One of the seven Congressmembers investigated was Peter J. Visclosky (D-Ind.) The Office of Congressional Ethics (OCE), a government agency not composed of members of Congress, which conducts preliminary reviews, found probable cause that Visclosky sought contributions in exchange for steering federal contracts to contributors. The OCE was in possession of e-mails suggesting that Visclosky’s fundraisers were specifically targeted toward PMA’s clients who were seeking earmarks. Even though the OCE recommended that the more powerful House ethics committee subpoena Visclosky and his staff to answer questions under oath about his earmarking practice, the members of the House committee chose not to subpoena Visclosky or any of the pertinent records.
Wait, it gets better — The FBI actually raided the PMA offices as part of an investigation into whether the company had directed illegal campaign contributions to lawmakers who helped clients obtain earmarks, and in 2009 a federal grand jury issued subpoenas to Visclosky, one of his former aides, and his political committees.2 But nothing — apparently nothing — could move the members of the Committee on Standards of Official Conduct of the United States House of Representatives to condemn their comrades.
This is the kind of Congressional corruption that drives so many Americans — on the right and on the left — to think of forming a new party. At times, the thought hits me as well. But two factors interfere. One, the overwhelming role played by money in American electoral campaigns can trump the best of intentions. Wealthy elites have no need for any other party. The Democrats and Republicans serve their needs just fine, thank you.
And two, ideology. Gathering together a lot of people who are turned off by Congressional venality and amorality sounds good until the ideological shit hits the fan. There will undoubtedly be a wide range of ideological leanings in any such group because people who are serious about third parties like to be “non-sectarian” or “non-exclusionary”, but this typically leads to serious friction, disputes and splits. Even if you specify something like “the United States should get out of Afghanistan as soon as possible”, that can still take various conflicting forms; people’s politics are complicated, not to mention confused. To those who like to tell themselves and others that they don’t have any particular ideology I say this: If you have thoughts about why the world is the way it is, why society is the way it is, why people are the way they are, what a better way would look like, and if your thoughts are at all organized, that’s your ideology, even if it’s not wholly conscious as such. Better to organize those thoughts as best you can, become very conscious of them, and consciously avoid getting involved with a political party that is incompatible. It’s like a bad marriage.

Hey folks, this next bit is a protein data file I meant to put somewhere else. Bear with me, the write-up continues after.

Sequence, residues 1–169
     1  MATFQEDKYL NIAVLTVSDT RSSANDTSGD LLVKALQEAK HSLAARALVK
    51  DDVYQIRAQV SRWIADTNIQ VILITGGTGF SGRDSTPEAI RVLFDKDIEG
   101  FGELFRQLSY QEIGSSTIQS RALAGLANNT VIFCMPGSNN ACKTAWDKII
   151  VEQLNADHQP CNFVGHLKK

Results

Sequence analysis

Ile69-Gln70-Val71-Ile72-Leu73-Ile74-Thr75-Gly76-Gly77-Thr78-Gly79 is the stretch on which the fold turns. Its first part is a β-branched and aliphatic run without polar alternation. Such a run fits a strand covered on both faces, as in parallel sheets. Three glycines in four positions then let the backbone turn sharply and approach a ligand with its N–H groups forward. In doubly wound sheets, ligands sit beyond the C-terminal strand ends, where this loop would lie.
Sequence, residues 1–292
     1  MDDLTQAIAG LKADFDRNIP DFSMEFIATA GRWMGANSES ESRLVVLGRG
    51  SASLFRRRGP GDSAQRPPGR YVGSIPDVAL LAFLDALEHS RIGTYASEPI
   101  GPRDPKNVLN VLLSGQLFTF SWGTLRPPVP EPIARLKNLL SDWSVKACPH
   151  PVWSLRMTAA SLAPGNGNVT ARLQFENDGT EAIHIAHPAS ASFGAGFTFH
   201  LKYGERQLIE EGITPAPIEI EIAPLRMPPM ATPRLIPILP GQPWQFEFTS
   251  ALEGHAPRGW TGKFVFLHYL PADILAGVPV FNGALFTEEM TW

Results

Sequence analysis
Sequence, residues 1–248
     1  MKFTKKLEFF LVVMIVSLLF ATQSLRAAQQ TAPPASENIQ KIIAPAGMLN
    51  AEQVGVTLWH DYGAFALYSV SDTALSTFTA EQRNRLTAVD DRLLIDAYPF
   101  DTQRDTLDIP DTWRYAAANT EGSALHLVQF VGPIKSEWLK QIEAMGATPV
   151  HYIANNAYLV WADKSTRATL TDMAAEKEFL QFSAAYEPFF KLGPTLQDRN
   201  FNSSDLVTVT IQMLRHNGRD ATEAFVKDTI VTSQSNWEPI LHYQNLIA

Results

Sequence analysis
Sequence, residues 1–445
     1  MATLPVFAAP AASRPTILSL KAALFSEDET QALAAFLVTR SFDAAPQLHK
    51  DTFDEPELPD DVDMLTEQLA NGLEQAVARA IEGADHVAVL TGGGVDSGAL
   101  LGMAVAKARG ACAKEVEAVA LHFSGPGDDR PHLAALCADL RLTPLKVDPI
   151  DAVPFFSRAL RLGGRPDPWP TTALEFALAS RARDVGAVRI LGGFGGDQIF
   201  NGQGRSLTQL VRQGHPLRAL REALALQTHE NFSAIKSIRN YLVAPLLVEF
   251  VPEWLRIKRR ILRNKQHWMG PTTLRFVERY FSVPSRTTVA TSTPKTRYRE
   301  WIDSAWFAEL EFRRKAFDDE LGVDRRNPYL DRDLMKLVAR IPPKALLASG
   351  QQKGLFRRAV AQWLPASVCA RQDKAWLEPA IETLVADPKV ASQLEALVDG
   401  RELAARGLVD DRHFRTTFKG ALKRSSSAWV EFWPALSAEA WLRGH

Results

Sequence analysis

Things are indeed polarizing in America. There’s The Tea Party on the right and The Coffee Party on the left. On the face of it, The Tea Party scarcely makes any sense. A seemingly burgeoning new movement semi-hysterically marching and screaming that their beloved free enterprise is threatened by the “socialist” Barack Obama. (What next, that he’s a committed “Marxist” or “communist”? They’ve probably already said that; if you’re going to be dumb you may as well go all the way and be retarded.)
A group of more mainstream conservatives gathered February 17 at a Virginia estate once owned by George Washington and called for a return to the principles of Washington’s time to fight the political battles that lie ahead. They produced a declaration, “The Mount Vernon Statement: Constitutional Conservatism: A Statement for the 21st Century”. It is a short statement, a mere 546 words, yet the idea of “limited government” or “self-government” is referred to seven times. These people, no less than the Teapartyers, are obsessed with the idea that government intrusion into society of virtually any kind is harmful, or at least much inferior to what could be derived from “free enterprise, the individual entrepreneur, and economic reforms grounded in market solutions”, as they put it. This is standard and familiar conservative doctrine to be sure, but now feeding and powering a whole new generation of right-wing activists.